National Report Card: America’s High School Seniors Get Failing Grade

Your News Companion by Ben Mathis-Lilley
May 7 2014 7:24 PM

National Report Card: America’s High School Seniors Get Failing Grade

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Report card time is always an anxious period for students. On Wednesday, the so-called “nation’s report card” was delivered courtesy of the National Assessment of Educational Progress, and the results would make America’s high schoolers want to hide in their room. How bad was the report on the math and reading skills of America’s 12th graders? “Seventy-four percent of students scored below the grade-appropriate level in math, compared with 26 percent of students who scored at or above grade level,” NPR reports. “In reading, just 38 percent of seniors scored at or above grade level.”

“In reading, the 38 percent share of students performing at or above the proficient level was lower than when the assessment was first given in 1992, when it was 40 percent,” according to the Associated Press. The report, which tested 92,000 public and private school students, gives America’s schools a failing grade, as its seniors are about to make the jump to college or into the workforce. The latest scores are almost identitical to the last time the exam was given in 2009, but come on the heels of new data showing U.S. high school graduation rates reached an all-time high of 80 percent in 2013.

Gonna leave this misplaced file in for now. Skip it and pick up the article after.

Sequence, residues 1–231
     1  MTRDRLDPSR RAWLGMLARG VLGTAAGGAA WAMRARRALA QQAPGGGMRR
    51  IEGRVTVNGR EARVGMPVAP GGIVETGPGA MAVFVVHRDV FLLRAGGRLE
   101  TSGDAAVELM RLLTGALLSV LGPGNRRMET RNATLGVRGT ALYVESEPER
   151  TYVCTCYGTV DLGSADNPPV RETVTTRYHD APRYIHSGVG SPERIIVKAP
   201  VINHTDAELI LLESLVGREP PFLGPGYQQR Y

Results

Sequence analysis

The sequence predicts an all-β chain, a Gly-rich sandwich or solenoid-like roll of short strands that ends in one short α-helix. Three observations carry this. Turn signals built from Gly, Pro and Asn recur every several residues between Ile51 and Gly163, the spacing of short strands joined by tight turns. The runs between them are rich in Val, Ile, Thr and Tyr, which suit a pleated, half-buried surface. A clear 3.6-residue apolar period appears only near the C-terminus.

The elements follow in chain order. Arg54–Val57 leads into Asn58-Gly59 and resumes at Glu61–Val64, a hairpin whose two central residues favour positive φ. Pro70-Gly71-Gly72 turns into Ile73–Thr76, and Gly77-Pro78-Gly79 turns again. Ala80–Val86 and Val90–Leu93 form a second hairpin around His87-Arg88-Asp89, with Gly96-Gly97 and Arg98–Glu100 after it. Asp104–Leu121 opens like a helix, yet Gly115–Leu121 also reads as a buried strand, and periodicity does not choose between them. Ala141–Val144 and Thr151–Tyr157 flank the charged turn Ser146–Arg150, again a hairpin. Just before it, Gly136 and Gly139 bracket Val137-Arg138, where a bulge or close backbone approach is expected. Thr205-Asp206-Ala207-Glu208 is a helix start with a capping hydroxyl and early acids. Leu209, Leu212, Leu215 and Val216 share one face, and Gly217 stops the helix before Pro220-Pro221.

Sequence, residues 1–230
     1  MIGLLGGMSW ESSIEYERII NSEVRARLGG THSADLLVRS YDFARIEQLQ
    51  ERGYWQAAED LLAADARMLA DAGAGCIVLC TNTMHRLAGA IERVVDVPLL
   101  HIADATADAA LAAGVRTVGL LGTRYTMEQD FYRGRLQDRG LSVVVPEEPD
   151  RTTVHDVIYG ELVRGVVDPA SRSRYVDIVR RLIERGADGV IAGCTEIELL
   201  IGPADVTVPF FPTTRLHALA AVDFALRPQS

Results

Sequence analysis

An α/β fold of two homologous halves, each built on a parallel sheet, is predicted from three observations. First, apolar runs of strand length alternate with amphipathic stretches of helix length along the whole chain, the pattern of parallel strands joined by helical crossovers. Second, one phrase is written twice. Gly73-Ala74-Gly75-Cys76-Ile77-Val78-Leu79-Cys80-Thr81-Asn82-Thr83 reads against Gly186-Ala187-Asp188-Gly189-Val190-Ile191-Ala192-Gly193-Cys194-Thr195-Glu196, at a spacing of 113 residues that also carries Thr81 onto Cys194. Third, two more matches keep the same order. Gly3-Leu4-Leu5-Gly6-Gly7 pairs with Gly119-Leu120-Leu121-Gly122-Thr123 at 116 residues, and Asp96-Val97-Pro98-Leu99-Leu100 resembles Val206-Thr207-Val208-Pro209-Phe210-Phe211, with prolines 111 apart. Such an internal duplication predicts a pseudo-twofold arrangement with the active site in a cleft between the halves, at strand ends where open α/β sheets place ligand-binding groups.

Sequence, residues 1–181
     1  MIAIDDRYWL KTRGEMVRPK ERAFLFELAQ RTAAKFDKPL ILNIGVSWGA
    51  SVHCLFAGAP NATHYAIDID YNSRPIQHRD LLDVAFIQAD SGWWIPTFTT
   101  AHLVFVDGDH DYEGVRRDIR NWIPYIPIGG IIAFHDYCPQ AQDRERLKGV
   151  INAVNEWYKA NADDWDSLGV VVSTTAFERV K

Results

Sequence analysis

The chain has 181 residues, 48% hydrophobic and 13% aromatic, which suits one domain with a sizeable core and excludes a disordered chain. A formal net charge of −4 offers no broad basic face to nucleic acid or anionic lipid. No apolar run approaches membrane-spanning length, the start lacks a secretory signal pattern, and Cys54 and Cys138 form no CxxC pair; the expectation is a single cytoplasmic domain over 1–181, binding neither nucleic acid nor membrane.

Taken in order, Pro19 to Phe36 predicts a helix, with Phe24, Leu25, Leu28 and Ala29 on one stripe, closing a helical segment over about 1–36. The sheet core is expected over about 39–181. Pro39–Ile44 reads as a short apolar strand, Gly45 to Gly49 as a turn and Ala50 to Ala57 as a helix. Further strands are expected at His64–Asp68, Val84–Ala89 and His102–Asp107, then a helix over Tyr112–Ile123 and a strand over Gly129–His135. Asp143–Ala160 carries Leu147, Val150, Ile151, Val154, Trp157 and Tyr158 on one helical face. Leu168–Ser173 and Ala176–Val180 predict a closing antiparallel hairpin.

Elliot Hannon is a writer in Washington, D.C. Follow him on Twitter.

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